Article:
Mel, Owner of Conscious Coffees, participated in the all women running team, tackling 200 miles or 7 marathons in 7 days along the shores of Lake Kivu in the Democratic Republic of Congo to raise awareness and funds for the challenges that these communities and in particular women face daily.  Run Across Congo is an opportunity to illuminate the depth of collaboration and cooperation across these communities. We believe that we all have a responsibility to create, maintain, and improve the world in which we live. In our line of work, we  am acutely aware of the fact that farmers in low-income countries work hard in sub-standard conditions to bring us luxury goods at a very affordable price. Every dollar we spend each day is a vote for how we want the world to be. Every dollar can help determine how people live, can impact the environment for better or worse, can promote war or peace or influence justice. This run allowed us to redirect some of those dollars – and more importantly a whole lot of attention – to these communities that we care passionately about.

Despite the resurgence in the coffee farming sectors, buying their crops under Fair Trade standards, while a great commitment, is not enough. We are doing more, funding and partnering with programs that are providing gender equality training in the farming communities so that families can shift to a more equal approach where the women of the family can own land, giving them greater security.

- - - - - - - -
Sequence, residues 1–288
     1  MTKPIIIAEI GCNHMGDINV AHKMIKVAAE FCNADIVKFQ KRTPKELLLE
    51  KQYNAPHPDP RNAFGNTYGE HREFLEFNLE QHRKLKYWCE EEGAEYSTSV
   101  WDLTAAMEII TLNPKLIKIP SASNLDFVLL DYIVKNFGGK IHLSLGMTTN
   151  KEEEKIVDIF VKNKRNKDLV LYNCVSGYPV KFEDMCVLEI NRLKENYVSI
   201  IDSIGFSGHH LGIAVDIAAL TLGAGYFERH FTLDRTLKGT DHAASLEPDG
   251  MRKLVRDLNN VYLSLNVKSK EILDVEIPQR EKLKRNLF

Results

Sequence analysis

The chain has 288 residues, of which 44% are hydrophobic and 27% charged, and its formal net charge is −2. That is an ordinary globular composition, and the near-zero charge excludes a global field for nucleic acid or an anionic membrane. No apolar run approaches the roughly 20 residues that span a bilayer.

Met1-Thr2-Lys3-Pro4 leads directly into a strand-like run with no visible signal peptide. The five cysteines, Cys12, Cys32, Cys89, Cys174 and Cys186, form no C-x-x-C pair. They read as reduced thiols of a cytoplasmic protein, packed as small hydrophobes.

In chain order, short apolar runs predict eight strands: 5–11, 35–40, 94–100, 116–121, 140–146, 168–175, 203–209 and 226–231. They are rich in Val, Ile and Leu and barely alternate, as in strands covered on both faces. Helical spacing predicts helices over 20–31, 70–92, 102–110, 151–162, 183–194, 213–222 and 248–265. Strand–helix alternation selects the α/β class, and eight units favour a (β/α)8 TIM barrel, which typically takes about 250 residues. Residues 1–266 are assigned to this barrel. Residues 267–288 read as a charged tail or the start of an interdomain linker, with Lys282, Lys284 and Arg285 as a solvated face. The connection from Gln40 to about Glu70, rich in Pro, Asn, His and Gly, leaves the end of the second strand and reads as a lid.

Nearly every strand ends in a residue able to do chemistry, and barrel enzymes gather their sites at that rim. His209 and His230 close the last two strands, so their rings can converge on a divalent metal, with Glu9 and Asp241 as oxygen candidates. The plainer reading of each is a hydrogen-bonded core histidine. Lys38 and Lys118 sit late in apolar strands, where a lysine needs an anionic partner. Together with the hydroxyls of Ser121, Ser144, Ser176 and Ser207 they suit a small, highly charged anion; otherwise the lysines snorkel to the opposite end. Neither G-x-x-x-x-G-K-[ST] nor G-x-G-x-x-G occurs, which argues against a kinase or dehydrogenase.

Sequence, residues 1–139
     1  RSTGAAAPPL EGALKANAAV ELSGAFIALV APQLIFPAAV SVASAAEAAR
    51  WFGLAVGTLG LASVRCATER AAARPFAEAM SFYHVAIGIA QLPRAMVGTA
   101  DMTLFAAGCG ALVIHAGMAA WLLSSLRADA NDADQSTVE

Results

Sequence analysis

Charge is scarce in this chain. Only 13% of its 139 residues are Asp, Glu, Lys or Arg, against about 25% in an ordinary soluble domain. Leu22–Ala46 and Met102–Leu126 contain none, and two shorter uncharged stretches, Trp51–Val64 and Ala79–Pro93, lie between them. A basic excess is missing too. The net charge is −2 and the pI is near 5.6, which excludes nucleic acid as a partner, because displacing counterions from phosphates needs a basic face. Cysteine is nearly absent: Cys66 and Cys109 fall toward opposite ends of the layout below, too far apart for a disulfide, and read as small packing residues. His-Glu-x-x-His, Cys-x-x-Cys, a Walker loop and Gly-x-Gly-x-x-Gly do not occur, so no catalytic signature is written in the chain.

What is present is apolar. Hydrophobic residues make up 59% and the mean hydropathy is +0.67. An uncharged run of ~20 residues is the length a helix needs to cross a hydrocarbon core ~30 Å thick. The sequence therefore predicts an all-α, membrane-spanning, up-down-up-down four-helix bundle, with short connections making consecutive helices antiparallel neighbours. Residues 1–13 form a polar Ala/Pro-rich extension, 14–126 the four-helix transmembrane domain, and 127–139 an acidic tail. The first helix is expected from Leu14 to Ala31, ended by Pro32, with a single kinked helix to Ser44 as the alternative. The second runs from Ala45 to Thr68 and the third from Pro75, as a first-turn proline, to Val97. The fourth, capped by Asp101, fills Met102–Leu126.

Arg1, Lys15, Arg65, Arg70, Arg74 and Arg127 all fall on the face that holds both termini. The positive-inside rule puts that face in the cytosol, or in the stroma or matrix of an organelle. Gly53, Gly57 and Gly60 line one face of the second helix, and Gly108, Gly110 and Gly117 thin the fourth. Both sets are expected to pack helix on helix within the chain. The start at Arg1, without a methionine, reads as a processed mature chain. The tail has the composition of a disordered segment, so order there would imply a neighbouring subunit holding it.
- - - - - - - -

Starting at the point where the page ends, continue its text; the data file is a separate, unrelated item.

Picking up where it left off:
Farmer to Farmer Program

Coop Coffees has its feet on the ground with producer partners like never before! Thanks to the generous support of the USAID sponsored Farmer-to-Farmer Program, our roaster-members and staff have been enlisted to provide technical advice on topics of their expertise (quality control, specialty roasted coffee, market knowledge, navigating Fair Trade and organic certifications). After the first round of assignments that began in July 2009 and ended in January 2011, USAID renewed the grant for another set of roaster-to-farmer exchanges into 2012!

These exchanges have proven to be an excellent platform for both cultural exchange and personal development.  “We see this as a triple win-win opportunity,” says Monika Firl special projects manager. “Producer partners have appreciated the direct one on one support; roasters have returned more motivated than ever to be active promoters of Fair Trade and effective entrepreneurs; and all have grown from the cultural experience and on the ground challenges.”

The Farmer-to-Farmer Program was created in 1985 by the US Congress, and since then, over 12,000 volunteer assignments have been completed in over 80 countries, affecting some 1 million farmer families (learn more here).